Yes, Virginia, greenhouse gases are pollutants

The Obama administration takes an important step towards regulating the gases as threats to human health.

Published March 23, 2009 9:10PM (EDT)

It's hardly news that human-induced greenhouse gases pose a threat to human health and welfare. Now that President Bush is out of office, even the federal government dares to admit it.

Yes, the Environmental Protection Agency has just taken a big step towards officially recognizing greenhouse gases as a danger to humans, a move that could pave the way for federal regulation of the emissions contributing to global warming. It's yet another sign that, when it comes to the environment, the Obama administration represents a seismic shift from the Bushies.

The Washington Post broke the news Monday that the EPA sent a proposal to the White House last week that essentially recognizes greenhouse gases as pollutants. It's a response to a 2007 Supreme Court ruling that ordered the EPA to determine whether CO2 and other greenhouse gases could be regulated under the Clean Air Act.  The EPA's move represents  a repudiation of one of the Bush administration's defining environmental actions, which involved simply ignoring the advice of the agency's own scientists on global warming.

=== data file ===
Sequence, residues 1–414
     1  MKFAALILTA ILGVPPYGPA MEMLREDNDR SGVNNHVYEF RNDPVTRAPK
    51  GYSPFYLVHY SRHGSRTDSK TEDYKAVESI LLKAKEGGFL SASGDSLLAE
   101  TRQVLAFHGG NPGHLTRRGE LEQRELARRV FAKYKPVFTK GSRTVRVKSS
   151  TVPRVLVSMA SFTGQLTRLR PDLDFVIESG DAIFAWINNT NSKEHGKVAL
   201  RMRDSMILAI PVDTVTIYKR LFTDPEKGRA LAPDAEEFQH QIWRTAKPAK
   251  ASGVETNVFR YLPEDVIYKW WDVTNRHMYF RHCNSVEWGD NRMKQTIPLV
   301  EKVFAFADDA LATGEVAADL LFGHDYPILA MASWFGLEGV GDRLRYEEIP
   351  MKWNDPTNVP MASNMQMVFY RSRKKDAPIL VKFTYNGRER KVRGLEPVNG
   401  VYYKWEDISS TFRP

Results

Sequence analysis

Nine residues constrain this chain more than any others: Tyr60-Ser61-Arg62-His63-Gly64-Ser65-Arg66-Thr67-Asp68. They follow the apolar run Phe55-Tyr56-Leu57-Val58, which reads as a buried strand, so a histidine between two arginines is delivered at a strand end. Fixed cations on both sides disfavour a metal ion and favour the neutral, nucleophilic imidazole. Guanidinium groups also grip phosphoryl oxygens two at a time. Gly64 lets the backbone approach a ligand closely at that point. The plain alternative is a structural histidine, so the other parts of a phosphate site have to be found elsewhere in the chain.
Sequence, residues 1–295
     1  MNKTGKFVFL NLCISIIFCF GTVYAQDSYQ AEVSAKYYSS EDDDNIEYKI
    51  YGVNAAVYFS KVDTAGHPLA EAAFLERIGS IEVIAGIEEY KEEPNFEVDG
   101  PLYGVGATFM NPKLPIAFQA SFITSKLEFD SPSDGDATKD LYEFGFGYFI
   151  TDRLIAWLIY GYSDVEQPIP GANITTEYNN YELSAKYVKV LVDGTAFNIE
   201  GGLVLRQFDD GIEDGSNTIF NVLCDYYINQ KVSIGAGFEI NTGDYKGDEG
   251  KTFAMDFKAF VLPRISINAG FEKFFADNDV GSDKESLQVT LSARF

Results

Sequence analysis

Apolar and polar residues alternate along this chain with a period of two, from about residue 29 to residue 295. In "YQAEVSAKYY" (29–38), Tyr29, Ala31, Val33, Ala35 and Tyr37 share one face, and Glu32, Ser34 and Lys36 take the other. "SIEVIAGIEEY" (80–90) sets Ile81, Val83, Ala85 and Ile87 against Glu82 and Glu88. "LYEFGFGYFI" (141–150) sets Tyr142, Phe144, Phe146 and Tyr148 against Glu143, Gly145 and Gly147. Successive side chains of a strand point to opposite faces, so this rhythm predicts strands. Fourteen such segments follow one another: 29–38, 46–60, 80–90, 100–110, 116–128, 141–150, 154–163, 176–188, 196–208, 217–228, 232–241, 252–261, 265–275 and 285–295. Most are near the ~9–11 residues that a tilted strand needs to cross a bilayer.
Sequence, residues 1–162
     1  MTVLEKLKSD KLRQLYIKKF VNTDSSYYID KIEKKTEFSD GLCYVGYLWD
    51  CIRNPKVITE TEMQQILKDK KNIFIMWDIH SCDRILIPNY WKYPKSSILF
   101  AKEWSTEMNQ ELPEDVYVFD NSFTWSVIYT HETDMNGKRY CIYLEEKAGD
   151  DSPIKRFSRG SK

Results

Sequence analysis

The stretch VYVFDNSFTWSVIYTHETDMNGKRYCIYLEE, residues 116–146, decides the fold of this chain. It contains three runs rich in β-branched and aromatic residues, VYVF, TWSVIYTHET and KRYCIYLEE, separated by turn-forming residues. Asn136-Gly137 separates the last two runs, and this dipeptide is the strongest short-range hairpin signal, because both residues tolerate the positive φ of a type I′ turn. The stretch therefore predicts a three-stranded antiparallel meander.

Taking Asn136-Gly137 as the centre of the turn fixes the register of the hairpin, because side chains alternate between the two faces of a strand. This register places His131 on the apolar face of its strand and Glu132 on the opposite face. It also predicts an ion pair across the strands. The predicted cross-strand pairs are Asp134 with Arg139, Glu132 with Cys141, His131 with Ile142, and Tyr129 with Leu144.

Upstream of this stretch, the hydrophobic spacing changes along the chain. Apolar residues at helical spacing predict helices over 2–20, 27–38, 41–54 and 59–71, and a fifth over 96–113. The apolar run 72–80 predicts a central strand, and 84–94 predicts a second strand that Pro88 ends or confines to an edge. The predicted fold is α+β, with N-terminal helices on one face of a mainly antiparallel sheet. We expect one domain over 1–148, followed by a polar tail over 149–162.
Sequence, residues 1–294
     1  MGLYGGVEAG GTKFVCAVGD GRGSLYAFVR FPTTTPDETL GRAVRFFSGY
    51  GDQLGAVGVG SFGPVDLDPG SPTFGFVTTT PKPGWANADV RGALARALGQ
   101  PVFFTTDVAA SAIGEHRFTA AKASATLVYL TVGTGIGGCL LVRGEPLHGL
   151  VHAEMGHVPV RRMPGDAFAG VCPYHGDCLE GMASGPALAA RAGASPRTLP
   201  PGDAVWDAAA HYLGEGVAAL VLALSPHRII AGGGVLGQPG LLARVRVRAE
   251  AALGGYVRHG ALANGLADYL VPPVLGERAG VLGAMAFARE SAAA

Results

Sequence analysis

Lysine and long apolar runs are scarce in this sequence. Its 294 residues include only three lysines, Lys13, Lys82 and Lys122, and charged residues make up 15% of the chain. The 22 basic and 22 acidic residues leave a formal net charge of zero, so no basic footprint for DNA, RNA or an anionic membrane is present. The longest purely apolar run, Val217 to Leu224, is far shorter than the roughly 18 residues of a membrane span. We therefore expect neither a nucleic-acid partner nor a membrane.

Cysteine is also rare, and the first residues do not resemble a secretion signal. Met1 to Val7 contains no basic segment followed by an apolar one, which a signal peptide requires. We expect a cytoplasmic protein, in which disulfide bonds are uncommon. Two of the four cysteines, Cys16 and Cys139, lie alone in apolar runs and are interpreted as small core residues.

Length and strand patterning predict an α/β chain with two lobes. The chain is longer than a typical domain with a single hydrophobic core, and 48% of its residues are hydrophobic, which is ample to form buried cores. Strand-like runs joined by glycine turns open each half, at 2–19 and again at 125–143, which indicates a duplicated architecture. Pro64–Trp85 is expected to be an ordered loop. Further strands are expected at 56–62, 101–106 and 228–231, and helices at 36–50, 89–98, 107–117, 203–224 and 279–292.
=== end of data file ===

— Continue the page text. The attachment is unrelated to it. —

"This is historic news," Frank O'Donnell of the watchdog group Clean Air Watch told the Post. "It will set the stage for the first-ever national limits on global warming pollution. And it is likely to help light a fire under Congress to get moving."

By Katharine Mieszkowski

Katharine Mieszkowski is a senior writer for Salon.

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